Today, English, a Germanic language, is America's unofficial official language. English's role as the unofficial state language was even greater two centuries ago; this position among languages spoken in the U.S. is made evident when it is labelled "the language of our own Country".

      • Andrew Henry
    17. Fluxions

      "Fluxions", coined by Isaac Newton in 1665, are known as "derivatives" today. Newton defined a "fluxion" as "the instantaneous rate of change of a varying (flowing) quantity". These "fluxions" are integral (pun intended) to Newtonian calculus.

      • Andrew Henry
    18. Some Articles in this distribution of Sciences will need observation.

      Taking into account that everyone is making annotations about the subjects and how these might or might not have been influenced by the many events of the period, I think it is important to look at the closing line of the section. What does observation here mean? Does observation mean direct changes in what was written? Does it mean that the Commissioners did not agree on this curriculum and the classes taught? It is necessary to look into history and know what was actually taken from this first report in order to actually give value to all of the above annotations. The only thing we have done here is speculate on why these subjects were originally planned.

    19. To develope the reasoning faculties of our youth

      This is one of the most, if not the most, important objectives of education, and yet, unfortunately, it is becoming less and less relevant in educational institutions. To our loss, we, students, these days, seem to be more concerned about passing an exam or doing well on an assignment than actually understanding the material. It is not entirely our fault,however, as societal pressure and educational systems seem to also prioritize grades over knowledge. I believe this issue should be one of our primary concerns, but I am also glad to have witnessed that people aren't as oblivious to it as they were once before.

      Wafa Salah

    20. Also the whole of his Slaves amounting to 57 in number.

      This is the only time slaves are mentioned outright in this document. Jefferson and the other founders obviously view them as property, listing them between acres of land and placing them low on the list. This is interesting to me as without slaves the university likely never would have been founded, built, or maintained. It's disheartening that they provided so much to this university, unwilling as well, and yet seem to be almost an afterthought in this document. According to Encyclopedia Virginia, these slaves cleared land, cut and hauled lumber, made bricks, and transported stone in the beginning. Most were rented from their owners, likely causing them to be separated from their homes and loved ones. It also gives the name of a few slaves such as Carpenter Sam, who helped to build pavilions, Elijah who hauled stone, and William Green working as a blacksmith. It's important we recognize not just the labor they provided to the University, but also them as people and human beings who are apart of the University's complex history.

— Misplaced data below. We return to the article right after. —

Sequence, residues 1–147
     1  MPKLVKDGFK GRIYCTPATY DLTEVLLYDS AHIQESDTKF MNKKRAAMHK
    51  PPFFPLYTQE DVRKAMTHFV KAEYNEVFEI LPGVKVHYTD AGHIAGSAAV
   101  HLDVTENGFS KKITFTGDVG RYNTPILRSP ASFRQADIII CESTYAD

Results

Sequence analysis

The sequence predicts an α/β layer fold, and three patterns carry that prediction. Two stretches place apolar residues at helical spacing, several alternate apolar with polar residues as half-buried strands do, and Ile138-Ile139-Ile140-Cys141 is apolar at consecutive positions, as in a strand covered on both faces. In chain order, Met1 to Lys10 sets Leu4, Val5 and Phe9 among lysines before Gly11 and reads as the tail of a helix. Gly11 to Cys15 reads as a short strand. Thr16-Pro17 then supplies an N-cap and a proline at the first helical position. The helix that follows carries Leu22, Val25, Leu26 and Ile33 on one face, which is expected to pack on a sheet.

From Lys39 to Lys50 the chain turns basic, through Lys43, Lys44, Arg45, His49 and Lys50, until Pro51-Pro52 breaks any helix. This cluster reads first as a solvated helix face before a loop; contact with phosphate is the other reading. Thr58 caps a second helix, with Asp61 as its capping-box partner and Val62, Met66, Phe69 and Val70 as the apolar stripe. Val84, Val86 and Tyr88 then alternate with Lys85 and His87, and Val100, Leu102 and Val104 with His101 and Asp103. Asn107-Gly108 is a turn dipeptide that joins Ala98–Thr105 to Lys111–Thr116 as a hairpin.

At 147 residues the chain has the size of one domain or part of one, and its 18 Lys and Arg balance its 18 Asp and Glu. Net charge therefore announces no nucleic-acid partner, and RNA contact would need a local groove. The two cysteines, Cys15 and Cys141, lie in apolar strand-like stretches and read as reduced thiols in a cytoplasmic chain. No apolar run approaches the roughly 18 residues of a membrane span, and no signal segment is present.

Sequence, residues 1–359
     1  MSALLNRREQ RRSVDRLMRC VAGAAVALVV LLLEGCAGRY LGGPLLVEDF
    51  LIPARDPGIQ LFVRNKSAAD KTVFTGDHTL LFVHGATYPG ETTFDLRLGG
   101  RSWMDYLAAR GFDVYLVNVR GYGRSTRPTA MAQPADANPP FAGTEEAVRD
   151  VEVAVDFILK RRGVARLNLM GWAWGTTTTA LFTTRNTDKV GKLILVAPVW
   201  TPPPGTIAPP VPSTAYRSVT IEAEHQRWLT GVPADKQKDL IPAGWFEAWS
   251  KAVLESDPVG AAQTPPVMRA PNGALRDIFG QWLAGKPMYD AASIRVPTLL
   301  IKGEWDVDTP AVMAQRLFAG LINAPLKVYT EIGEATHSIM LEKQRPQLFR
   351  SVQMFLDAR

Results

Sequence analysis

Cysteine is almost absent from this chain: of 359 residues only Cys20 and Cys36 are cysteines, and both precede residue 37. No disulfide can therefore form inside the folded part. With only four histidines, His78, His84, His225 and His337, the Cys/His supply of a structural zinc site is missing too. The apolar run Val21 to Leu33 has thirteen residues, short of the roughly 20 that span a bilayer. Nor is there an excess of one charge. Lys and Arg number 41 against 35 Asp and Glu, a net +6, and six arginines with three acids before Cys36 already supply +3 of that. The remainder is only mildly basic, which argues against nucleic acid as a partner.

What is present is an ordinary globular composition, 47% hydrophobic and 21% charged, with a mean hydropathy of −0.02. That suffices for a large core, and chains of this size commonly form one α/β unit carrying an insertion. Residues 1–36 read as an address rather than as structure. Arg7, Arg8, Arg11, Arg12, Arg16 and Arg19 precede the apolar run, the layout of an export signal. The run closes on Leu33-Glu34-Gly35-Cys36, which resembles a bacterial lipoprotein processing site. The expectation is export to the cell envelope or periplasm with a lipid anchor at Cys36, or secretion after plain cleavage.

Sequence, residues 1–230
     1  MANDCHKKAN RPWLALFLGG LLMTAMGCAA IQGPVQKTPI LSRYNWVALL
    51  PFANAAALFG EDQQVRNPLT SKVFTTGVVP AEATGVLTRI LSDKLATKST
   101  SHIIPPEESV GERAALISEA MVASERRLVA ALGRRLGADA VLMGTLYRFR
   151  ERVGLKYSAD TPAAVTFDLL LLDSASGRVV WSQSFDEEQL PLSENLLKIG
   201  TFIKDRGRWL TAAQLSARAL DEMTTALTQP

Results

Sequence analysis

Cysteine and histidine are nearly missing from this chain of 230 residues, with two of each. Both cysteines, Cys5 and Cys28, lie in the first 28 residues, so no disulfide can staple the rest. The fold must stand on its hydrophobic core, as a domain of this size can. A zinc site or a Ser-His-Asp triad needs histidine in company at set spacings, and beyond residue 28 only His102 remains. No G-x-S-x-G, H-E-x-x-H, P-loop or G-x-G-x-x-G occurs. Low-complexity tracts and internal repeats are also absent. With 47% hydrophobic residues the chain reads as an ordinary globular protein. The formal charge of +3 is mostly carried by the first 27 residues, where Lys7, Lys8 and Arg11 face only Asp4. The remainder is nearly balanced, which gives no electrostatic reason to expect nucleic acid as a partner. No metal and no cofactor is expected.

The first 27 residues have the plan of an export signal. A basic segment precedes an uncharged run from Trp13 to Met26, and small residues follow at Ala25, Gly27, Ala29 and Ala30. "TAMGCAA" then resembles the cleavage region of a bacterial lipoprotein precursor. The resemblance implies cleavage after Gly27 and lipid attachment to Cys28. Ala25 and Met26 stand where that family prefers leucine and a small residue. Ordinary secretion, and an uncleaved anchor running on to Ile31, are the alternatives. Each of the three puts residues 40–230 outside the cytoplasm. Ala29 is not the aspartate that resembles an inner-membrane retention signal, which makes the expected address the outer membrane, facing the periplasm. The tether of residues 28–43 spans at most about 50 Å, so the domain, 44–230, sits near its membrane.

• Maddie S.
    21. This particular line stood out to me because it draws upon explicit racism and an equally worrying subtext of dehumanization. The preceding sentences discuss land and the physical attributes of the University, only to be followed by this line about slave labor. In formatting the document this way, the commissionners seem to be equating the value of slaves to the land upon which they work. It strikes me with the message that slaves fall into the same category as the land, thus stripping them of any sense of humanity or value.

      -Lina Modjarrad

    22. It was the degree of centrality to the white population of the state

      In relation to the Race, Racism, Colony and Nation class that I'm in, there has been a long history of underestimating the intelligence of people of color in America, especially in Virginia. One of our readings mentioned that two black students at William and Mary were condemned for laughing in the college library, and an officer confronted them and did not believe they were students. His first assumption was that they were "bused in for a program." The fact that this report explicitly tailors the institution to the white population shows a connection between past and present. This type of racism might not be as blunt as it is in this report, but it lies in the micro-aggressions and subtle forms of white supremacy that are unfortunately still prevalent in America.

      -Lina Modjarrad

    23. In conformity with the principles of our constitution, which places all sects of religion on an equal footing,

      In my engagement, "Can a Text be Ethical?", we have been studying the importance of religion in regards to government and policies. For our final assignment, we have to analyze the logic behind when it is important to use religious texts, such as the New Testament, to make ethical decisions. I think this line in the document perfectly encapsulates the whole point of this class: all religions should be considered equal. But the difficult question is when do we take religious beliefs into consideration? Jefferson believed his university should uphold the same values that his country upholds, which are that of freedom and equality for all. However, this then dives into the question of how far equality extends. If equality was so important to Jefferson, why was it only relative to religion? He is widely-known for keeping many slaves, so it is obvious that social equality was not of relevance to him. Then again, we must wonder if it was because he wasn't trying to make a political statement with the founding of a university. The amount of funding and support that a university requires is unimaginable, which is why it would make sense that Jefferson would pick his battles to allow for a new university instead of fighting for racial equality.